Many hunters either lie out in their decoys under some sort of camo or use one of those new lightweight layout blinds. Silhouette decoys are a great lightweight addition to your decoy spread here. You can carry dozens of these feather-light imitations and really spruce up a boring spread without adding a lot of weight to your gear.

Just over the hill from Lower Klamath on beautiful Meiss Lake, Butte Valley WA has offered some good honker hunting over the last few seasons. Last year was one of their best seasons ever with hunters bagging 337 Canada geese. The amazing fact is that 326 of those geese were taken from Dec. 28 to the end of the season.

Area biologist Dave Van Baren said most of the geese taken were of the Taverner's subspecies, and quite a few, lesser Canadas. Taverner's Canada geese are slightly smaller than lessers but bigger than cacklers. It would be a good idea to take a higher-pitched call with you to help lure in these small honkers.

Van Baren mentioned that Butte Valley is a closed basin with no main tributary, which puts the area in a bad water situation. They had some wet late spring weather this year, which helped for nesting purposes, but Van Baren says more is needed. "We need an enormous amount of rain to get us out of this drought," he said.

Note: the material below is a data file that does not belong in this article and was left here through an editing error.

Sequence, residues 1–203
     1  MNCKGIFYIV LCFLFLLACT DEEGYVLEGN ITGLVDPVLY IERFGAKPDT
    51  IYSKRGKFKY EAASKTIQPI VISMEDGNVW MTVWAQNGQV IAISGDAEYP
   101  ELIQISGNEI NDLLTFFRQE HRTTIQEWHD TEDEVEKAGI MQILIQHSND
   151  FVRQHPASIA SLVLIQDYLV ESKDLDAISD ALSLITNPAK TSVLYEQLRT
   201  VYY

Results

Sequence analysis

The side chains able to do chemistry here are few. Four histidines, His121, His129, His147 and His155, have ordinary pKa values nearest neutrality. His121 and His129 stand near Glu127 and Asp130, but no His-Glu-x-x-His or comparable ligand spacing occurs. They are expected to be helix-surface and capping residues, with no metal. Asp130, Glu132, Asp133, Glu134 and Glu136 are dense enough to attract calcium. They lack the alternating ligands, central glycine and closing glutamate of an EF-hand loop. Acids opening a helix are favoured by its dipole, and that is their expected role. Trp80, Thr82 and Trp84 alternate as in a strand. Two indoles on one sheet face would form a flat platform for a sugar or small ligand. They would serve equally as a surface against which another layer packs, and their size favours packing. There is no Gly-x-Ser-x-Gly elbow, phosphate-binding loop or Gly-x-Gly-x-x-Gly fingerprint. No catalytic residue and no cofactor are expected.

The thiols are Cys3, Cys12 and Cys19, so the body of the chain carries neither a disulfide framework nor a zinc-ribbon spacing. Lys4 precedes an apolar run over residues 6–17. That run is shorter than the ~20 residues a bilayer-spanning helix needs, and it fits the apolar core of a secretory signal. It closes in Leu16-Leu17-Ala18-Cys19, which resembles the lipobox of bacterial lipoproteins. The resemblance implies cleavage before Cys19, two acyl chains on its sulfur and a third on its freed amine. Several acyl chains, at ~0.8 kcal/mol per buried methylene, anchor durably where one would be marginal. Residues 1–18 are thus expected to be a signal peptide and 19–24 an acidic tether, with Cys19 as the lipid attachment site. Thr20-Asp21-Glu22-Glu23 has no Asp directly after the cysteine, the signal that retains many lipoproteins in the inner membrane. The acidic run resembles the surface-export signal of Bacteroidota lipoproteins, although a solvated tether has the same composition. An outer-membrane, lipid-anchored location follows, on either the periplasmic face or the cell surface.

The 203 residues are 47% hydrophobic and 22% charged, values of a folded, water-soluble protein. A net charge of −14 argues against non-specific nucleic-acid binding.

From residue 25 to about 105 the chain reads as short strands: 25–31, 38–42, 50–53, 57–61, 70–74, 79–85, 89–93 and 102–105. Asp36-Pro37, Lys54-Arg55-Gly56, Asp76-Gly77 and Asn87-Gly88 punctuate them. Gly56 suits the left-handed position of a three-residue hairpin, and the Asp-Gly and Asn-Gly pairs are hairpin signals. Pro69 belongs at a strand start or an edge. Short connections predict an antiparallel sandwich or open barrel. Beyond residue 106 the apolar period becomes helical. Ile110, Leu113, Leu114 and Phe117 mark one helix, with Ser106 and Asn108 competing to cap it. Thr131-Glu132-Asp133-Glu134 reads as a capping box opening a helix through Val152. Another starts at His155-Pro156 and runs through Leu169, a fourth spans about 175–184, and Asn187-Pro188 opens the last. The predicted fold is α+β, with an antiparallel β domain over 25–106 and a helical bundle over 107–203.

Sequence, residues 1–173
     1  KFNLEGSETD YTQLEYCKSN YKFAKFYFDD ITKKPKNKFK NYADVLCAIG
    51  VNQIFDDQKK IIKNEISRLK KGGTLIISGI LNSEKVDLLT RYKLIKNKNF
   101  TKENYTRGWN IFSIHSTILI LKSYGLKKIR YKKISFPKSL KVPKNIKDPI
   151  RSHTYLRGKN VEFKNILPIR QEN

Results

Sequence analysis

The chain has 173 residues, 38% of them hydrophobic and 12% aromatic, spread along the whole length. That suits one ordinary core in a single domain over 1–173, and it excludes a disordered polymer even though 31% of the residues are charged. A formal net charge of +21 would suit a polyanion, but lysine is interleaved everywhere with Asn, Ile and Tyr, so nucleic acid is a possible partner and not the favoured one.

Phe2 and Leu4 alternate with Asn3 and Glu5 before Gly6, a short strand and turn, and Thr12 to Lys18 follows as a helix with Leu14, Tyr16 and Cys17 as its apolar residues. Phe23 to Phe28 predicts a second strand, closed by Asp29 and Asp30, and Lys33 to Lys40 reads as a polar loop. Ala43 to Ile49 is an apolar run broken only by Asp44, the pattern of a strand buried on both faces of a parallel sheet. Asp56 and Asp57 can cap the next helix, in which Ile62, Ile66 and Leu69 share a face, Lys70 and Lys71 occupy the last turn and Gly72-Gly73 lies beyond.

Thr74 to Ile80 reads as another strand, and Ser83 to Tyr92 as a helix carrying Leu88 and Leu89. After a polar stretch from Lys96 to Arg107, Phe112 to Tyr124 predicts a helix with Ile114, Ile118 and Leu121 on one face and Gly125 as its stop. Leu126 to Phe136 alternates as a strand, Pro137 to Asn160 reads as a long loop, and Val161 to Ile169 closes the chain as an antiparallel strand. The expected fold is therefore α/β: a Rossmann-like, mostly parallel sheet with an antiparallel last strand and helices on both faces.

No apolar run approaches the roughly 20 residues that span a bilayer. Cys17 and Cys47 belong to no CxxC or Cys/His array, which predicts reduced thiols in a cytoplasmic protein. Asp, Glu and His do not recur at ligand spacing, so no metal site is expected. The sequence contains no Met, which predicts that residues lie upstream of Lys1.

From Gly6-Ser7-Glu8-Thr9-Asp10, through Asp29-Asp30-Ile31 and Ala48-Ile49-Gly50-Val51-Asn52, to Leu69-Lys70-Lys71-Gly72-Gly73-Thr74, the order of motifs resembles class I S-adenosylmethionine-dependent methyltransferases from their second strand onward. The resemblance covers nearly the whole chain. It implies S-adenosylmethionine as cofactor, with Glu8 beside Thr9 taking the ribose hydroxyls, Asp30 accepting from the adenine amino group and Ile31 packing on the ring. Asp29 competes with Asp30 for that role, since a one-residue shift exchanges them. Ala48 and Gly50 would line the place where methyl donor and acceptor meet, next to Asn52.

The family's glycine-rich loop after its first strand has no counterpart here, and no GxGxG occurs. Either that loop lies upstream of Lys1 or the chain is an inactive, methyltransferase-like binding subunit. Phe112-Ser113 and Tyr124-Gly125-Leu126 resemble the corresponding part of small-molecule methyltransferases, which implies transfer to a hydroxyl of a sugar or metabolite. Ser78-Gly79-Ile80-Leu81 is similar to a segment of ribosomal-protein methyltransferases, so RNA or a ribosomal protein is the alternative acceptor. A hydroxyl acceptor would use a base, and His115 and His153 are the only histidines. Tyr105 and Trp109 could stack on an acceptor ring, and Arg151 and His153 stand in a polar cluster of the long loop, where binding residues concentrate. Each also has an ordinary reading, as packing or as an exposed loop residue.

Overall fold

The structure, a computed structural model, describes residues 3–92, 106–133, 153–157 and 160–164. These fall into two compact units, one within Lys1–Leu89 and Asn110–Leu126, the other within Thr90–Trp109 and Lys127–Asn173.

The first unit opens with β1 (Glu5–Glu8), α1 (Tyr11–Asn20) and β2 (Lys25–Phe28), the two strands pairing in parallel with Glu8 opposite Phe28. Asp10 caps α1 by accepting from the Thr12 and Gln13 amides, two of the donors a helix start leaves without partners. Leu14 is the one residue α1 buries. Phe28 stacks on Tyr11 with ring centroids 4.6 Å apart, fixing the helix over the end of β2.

The drought has changed the patterns of wintering geese in Butte Valley. In normal years, the geese rest on the open water of Meiss Lake and feed in the grain fields of Butte Valley. Van Baren said that geese have been leaning toward the wetland units in recent years and not using the grain as much. These are wet meadows that are fed by ground water. Keep this in mind if conditions don't change this winter.

Hunting is allowed on Saturdays, Sundays and Wednesdays and accommodations can be found in Dorris. Because Lower Klamath NWR is open seven days a week and only is a 15-minute drive from Dorris, you might consider hunting Butte Valley's off days over there. There is an agriculture check station in Dorris, so be sure to follow the migratory bird transportation laws and keep a wing or head on your birds for identification.